Dr Akhilesh Gupta: In the traditional education system, the focus has long been on teaching subjects like physics, chemistry, and mathematics, with students memorizing information to excel in exams. However, there has been a paradigm shift with the government now actively promoting innovation in education. Recognizing that fostering innovation should start early, the Ministry of Science and Technology has introduced the Inspire Manak program. This initiative targets students in grades 6 to 10, a crucial age range where young minds can be encouraged to think creatively. The program challenges students to conceptualize innovations related to assistive technology, water, agriculture, health, and more.

A 6th-grade student, under this program, not only envisions innovative solutions but also translates them into tangible models. By engaging students in the process of innovation, the government aims to nurture a generation of forward-thinking individuals. The Inspire Manak initiative extends beyond the standard curriculum, encouraging students to explore and innovate alongside their regular studies. This approach is designed to create a pipeline of future innovators who will contribute to India's progress. The government's commitment to promoting young innovators is evident, with support available at various educational levels—from undergraduate to postgraduate and even at the Ph.D. level. This comprehensive model aligns with international practices, ensuring that innovation becomes an integral part of the educational journey from early schooling to university. India is taking a significant step towards fostering a culture of innovation, recognizing its importance in shaping a progressive and dynamic future.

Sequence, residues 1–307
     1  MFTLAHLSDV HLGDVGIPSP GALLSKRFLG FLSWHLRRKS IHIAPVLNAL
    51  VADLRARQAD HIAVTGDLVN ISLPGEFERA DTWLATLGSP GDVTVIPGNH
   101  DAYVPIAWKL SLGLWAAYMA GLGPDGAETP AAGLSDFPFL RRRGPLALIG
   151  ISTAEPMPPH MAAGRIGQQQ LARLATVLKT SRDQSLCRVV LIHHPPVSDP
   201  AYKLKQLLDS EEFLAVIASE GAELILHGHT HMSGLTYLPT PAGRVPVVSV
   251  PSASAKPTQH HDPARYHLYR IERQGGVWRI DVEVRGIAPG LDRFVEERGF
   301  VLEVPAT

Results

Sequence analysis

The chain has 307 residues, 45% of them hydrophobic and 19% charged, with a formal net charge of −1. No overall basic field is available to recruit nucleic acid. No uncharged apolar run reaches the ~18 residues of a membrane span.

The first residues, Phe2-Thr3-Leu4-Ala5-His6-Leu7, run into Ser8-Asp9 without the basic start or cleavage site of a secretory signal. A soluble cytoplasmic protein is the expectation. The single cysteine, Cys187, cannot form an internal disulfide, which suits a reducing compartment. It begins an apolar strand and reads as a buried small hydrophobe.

DQ: Given the rapid pace of technological advancements, how is DST adapting its policies and programs to stay ahead of the curve and foster innovation?

Dr Akhilesh Gupta: Two significant changes are currently underway. Firstly, the government is actively promoting innovation within academic institutions. This is evident in the substantial research support provided to academic entities, with a strong emphasis on fostering innovation. Even the national education policy now advocates for incorporating innovation into school education. The second major change involves the government's integration of technology and innovation into its routine official operations. Notably, a majority of the ministries in the Government of India have transitioned to digital and online platforms, eliminating the need for physical files. 

This shift has resulted in heightened efficiency, as exemplified by the Department of Science and Technology (DST) transitioning from receiving lengthy, physical proposals to an entirely online submission process. This transformation not only saves time but also contributes to the reduction of corruption. The elimination of physical files diminishes the potential for underhand dealings, as files are securely stored in computers. Overall, these comprehensive transformations signify a remarkable enhancement in efficiency and transparency within the government's functioning.

DQ: How do you see the landscape of scientific research evolving in India in the coming years?

Dr Akhilesh Gupta: As reiterated in my address, research has traditionally received support predominantly in fields such as physics, chemistry, and mathematics, focusing on invention-centric or basic science-driven approaches. However, the government is introducing a transformative model through the National Research Foundation, shifting the paradigm to innovation-driven research with a direct path to the market. This shift indicates a departure from conventional thinking, transcending the realm of basic research. The foundation's core principle involves engaging the private sector in funding research endeavors. Currently, private sector contributions to research in India stand at a mere 39%, significantly lower than the 80% observed in countries like the US, Germany, or the UK. With this groundbreaking initiative, the expectation is a twofold increase in private sector funding for research within the next five years in India. This strategic shift in the research support landscape underscores the government's commitment to fostering innovation and aligning research with market needs, a pivotal step in advancing India's research ecosystem.